Do you Dither?

Do you Dither?
On a recent Friday I was at home trying to get ahead on some projects I’m working on as a consultant. I worked diligently for several hours on the top priority assignments, then hand wrote a long list of lesser priority (B-list) items, placed the list prominently on a table and went back to my computer. However, instead of working on one of the B-list items, I looked at my online calendar and checked email. When I realized I wasn’t getting anything done, I got up to re-visit the to-do list, only to sit back down at the computer and get up a few minutes later to look at the list again. I did this a few times without accomplishing anything. In other words I was dithering, an administrative version of writer’s block.

The problem was that the B-list items had no immediate deadlines. While all of the projects were important, unfinished and looming in the near horizon, there was not one 911 emergency among them. Since nothing was pressing, I was paralyzed not knowing which item to tackle next.

Really it wasn’t a problem per se since everything was under control, however when I saw myself vacillating and the clock ticking, I couldn’t help but think, since I didn’t produce anything, I might as well have gone for a walk, read a chapter of a novel, watched All My Children or taken a brief nap.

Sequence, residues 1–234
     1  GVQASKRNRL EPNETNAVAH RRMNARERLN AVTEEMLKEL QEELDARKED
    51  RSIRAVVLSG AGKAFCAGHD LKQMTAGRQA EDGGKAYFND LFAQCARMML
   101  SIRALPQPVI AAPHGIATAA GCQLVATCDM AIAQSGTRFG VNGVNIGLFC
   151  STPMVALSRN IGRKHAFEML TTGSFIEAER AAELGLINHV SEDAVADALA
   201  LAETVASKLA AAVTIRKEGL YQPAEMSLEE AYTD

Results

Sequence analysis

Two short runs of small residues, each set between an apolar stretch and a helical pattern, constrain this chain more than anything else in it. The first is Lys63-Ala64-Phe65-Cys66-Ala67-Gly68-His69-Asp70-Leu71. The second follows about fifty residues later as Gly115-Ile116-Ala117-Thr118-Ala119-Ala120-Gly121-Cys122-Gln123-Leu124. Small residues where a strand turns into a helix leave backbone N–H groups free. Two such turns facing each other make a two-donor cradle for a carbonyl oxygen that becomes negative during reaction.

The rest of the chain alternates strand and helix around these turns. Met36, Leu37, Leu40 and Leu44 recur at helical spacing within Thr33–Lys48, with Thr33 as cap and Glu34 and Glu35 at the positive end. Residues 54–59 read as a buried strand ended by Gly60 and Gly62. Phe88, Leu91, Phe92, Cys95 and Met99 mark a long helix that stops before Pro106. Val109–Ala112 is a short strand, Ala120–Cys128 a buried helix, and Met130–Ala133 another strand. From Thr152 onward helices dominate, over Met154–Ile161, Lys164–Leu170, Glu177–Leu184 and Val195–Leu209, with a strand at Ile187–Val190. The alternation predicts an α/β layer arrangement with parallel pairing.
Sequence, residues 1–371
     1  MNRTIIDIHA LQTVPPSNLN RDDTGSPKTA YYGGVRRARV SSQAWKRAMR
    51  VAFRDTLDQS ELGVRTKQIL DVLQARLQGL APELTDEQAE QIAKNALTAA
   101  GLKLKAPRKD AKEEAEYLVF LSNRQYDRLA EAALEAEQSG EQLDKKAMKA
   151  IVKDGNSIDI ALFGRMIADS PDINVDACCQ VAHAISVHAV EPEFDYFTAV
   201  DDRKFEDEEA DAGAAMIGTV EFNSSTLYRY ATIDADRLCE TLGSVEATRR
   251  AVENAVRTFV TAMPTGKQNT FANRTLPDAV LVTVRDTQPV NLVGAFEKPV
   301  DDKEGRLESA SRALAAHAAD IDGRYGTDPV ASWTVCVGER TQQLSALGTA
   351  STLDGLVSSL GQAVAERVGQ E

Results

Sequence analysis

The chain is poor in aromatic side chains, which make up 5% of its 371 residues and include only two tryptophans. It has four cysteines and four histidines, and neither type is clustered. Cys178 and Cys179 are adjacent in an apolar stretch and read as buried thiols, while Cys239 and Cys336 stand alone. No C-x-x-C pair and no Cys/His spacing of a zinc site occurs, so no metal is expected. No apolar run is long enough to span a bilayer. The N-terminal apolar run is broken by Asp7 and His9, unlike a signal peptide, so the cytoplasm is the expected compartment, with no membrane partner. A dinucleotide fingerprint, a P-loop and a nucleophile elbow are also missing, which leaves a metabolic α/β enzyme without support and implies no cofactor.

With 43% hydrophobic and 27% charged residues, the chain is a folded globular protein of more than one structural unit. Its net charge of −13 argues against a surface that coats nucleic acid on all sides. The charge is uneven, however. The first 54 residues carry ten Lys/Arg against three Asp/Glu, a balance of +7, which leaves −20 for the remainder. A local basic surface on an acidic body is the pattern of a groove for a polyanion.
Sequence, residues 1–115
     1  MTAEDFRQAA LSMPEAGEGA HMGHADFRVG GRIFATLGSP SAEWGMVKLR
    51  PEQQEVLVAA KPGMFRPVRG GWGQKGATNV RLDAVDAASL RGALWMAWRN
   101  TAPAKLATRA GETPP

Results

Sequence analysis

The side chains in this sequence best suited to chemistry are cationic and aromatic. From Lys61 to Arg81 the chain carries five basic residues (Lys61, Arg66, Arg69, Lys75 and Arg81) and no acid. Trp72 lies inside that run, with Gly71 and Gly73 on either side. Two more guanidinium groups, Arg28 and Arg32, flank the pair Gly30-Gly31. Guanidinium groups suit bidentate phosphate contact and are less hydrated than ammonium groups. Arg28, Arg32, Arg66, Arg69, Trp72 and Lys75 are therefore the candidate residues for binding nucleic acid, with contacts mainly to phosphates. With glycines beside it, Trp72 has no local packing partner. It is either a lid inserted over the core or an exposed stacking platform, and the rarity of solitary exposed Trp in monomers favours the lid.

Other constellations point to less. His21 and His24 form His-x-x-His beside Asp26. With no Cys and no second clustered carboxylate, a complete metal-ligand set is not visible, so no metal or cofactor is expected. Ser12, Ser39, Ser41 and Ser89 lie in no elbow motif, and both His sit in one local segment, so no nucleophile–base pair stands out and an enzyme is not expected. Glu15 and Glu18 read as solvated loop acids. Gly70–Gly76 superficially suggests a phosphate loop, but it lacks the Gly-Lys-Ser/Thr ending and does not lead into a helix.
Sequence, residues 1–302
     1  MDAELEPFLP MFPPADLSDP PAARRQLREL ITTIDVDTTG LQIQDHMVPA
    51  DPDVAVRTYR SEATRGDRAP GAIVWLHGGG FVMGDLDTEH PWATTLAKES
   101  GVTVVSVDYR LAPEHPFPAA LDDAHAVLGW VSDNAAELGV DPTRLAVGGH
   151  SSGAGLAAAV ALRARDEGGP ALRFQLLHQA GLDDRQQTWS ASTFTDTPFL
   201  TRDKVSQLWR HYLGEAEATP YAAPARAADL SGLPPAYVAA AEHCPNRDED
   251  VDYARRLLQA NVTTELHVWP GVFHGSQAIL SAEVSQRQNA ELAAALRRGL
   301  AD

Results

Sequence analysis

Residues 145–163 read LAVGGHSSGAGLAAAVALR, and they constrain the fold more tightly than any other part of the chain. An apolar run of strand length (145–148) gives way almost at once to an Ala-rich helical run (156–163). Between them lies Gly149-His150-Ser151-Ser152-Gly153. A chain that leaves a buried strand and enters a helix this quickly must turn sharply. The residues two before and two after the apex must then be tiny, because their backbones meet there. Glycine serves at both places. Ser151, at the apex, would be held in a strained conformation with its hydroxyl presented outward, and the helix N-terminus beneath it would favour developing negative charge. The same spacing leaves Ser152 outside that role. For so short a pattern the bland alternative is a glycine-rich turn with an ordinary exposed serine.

As I’ve been writing self-help weekly for three years now and reading in the genre for over ten years, I asked myself based on what I’ve learned what should I do in a situation like this? When I want to move forward with projects that do not have immediate deadlines.

I thought of a few things. I could have tried to take a break, but my mind was so focused on work that I wouldn’t have been able to enjoy the break. I need to learn how to instantly tune out the to-do list on command, but that is a topic for another article.

Here’s what I decided to do, I randomly grabbed a B-list assignment off of the list and focused on it for ten minutes. My ten minute rule is the most flexible rule I own and probably the heart of my self-improvement program. Dithering is probably procrastination’s cousin or maybe even the cause of procrastination for some of us. I wasn’t motivated to work on any of the B-list items for an hour, but I certainly didn’t mind focusing on one for ten minutes.

A long to-do list—even if it’s B-list and C-list items--can cause anxiety. It’s like Elkhart Tolle said. Sadness is caused by too much ruminating in the past. On the other hand, stress is caused by too much future oriented thinking. How can you bring yourself back from obsessing on the future? By remaining in the present. When I grabbed a B-list item and put in a few minutes right then, I felt so much better, more productive, less worried and back in control.

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